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Jim Driscoll vs Frank Spike Robson 1910 British Featherweight Championship And One Thousand Pounds Vintage Commemorative Silk

Jim Driscoll vs Frank Spike Robson 1910 British Featherweight Championship And One Thousand Pounds Vintage Commemorative Silk

Jim Driscoll vs Frank 'Spike' Robson (1st fight) 1910 British featherweight championship and £1000 vintage commemorative silk

Original Jim Driscoll boxing silk for his fight with Frank 'Spike' Robson. The 110 year old silk pictures Jim Driscoll of Cardiff 'Featherweight Champion Of The World' with his colours and Welsh emblems in the corners. Dated April 18, 1910 at the National Sporting Club in London. This fight was for the British featherweight title. Driscoll prevailed knocking out Robson in the 15th round. Measures 33" x 33"

Condition very good (thinning in parts, small hole to right of centre & red colour run in several places. However, bold colour and print with clear image. RARE especially in this fine condition)

Price: £1750

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Jim Driscoll vs Frank 'Spike' Robson 1911 (2nd fight fight)

James "Jim" Driscoll commonly known as Peerless Jim (15 December 1880 – 30 January 1925) was a Welsh boxer who learned his trade in the boxing ring and used it to fight his way out of poverty. Driscoll was British featherweight champion and won the coveted Lonsdale belt in 1910. He is a member of the Welsh Sports Hall of Fame, the Ring Magazine Hall of Fame, and the International Boxing Hall of Fame.

Early Life
Driscoll was born in Cardiff in 1880 to Cornelius and Elizabeth, and was brought up on Ellen Street in the Newtown region of the town. Driscoll's parents were both Irish, and both Catholicism and the local St Paul's Church would be key in his life. Driscoll never forgot his roots; he was a faithful supporter of his church, remained close to his community, and had great affection for the Nazareth House Orphanage, for whom he once gave up the chance of becoming Featherweight Champion of the World.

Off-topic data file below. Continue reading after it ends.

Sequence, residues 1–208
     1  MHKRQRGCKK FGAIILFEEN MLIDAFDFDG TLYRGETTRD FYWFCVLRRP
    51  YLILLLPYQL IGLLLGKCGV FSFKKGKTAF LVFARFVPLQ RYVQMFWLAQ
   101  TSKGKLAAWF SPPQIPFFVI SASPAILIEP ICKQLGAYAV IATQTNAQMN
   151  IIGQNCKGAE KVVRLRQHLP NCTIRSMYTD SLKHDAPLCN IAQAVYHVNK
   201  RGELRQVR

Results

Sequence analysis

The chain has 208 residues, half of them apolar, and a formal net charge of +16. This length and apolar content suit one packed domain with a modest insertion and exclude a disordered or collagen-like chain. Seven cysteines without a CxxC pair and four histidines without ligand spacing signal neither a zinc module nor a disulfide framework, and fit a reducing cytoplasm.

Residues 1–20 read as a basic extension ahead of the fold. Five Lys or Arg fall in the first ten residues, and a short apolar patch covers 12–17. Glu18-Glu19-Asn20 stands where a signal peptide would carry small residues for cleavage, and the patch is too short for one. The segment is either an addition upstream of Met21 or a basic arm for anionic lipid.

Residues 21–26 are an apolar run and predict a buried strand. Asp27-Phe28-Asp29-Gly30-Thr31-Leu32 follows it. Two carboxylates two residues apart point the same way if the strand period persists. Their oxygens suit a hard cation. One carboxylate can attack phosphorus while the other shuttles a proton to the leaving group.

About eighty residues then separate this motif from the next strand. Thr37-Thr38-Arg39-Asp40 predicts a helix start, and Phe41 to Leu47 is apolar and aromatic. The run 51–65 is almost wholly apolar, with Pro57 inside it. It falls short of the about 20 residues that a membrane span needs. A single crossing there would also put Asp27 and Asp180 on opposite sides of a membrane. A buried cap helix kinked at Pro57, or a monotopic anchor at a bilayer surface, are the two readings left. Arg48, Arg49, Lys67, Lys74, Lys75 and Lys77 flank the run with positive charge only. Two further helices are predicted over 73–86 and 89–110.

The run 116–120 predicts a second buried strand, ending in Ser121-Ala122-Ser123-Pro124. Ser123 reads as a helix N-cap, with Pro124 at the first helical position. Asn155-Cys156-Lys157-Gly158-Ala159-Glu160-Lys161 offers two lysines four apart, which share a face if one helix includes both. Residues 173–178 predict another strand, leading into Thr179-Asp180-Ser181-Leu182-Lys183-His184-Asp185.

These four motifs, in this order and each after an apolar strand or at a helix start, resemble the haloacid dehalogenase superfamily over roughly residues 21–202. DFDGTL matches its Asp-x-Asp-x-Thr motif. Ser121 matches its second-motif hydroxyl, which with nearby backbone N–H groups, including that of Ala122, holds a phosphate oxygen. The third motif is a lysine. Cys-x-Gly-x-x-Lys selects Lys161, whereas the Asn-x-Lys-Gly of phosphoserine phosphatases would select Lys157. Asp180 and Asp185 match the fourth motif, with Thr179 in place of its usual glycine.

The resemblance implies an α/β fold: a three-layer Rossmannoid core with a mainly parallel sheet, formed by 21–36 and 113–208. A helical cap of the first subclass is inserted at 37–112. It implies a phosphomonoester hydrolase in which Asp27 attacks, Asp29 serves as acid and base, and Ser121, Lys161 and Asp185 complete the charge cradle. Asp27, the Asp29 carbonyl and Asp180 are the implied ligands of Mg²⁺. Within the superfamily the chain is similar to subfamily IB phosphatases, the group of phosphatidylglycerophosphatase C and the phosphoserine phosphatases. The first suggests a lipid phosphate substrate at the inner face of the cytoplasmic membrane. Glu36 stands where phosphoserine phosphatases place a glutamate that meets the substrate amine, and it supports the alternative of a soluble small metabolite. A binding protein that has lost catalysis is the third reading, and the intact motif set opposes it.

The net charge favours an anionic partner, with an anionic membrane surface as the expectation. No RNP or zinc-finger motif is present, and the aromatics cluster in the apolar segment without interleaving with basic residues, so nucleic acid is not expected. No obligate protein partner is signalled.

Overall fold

Driscoll's father died in a goods yard accident before Driscoll was one. His mother was forced to accept parish relief to bring up her four children, and soon the family moved into a boarding house with another five people in 3 Ellen Street. Elizabeth was forced to take a job shovelling vegetables and fish from the hulls of ships at Cardiff Docks. Growing up in poverty, Driscoll took employment while still a boy, becoming a printer's devil for the Evening Express in St. Mary Street in Cardiff.

Boxing Career
Early History
Driscoll was an apprentice with the Western Mail printing works, when he began boxing in the fairground booths of south Wales. He fought on the boxing booths of South Wales for a number of years and had somewhere in the region of 600 fights before turning professional in 1901, and by the end of the year he had secured twelve wins without defeat. The following year, of the seven recorded fights, he only failed to win once, a draw with Harry Mansfield in Cardiff. Between 1903 and 1904 Driscoll continued fighting, mainly in Wales, but on 22 February 1904 he fought his first match at the National Sporting Club in London, a points decision win over Boss Edwards. That year he also suffered his first defeat in a return bout against Mansfield, losing by points in a ten-round clash.